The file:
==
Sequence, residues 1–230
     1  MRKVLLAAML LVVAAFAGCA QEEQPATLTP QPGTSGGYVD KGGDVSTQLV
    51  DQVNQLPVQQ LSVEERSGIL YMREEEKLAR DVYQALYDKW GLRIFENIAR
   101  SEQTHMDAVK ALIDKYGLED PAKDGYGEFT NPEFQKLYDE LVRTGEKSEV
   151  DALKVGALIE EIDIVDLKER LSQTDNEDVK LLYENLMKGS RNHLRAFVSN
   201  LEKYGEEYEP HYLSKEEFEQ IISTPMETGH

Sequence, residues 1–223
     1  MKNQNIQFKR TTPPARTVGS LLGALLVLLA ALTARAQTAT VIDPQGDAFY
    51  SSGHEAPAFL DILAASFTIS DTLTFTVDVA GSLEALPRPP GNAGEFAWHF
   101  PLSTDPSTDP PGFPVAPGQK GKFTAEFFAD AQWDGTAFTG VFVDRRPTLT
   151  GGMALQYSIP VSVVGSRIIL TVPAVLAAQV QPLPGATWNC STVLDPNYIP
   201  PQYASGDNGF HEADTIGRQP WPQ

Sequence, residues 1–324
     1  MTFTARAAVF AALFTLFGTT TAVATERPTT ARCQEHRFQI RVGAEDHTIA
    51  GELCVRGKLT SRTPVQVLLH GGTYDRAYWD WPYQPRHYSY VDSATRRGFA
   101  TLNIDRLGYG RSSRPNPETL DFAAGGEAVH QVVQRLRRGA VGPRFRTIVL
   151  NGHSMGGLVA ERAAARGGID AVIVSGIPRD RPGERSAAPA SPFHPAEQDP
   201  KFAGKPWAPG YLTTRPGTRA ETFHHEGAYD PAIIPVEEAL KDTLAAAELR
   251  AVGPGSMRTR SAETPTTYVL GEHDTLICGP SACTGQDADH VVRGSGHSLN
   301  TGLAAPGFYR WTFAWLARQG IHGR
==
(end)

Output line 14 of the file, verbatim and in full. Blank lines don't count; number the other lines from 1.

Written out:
     1  MTFTARAAVF AALFTLFGTT TAVATERPTT ARCQEHRFQI RVGAEDHTIA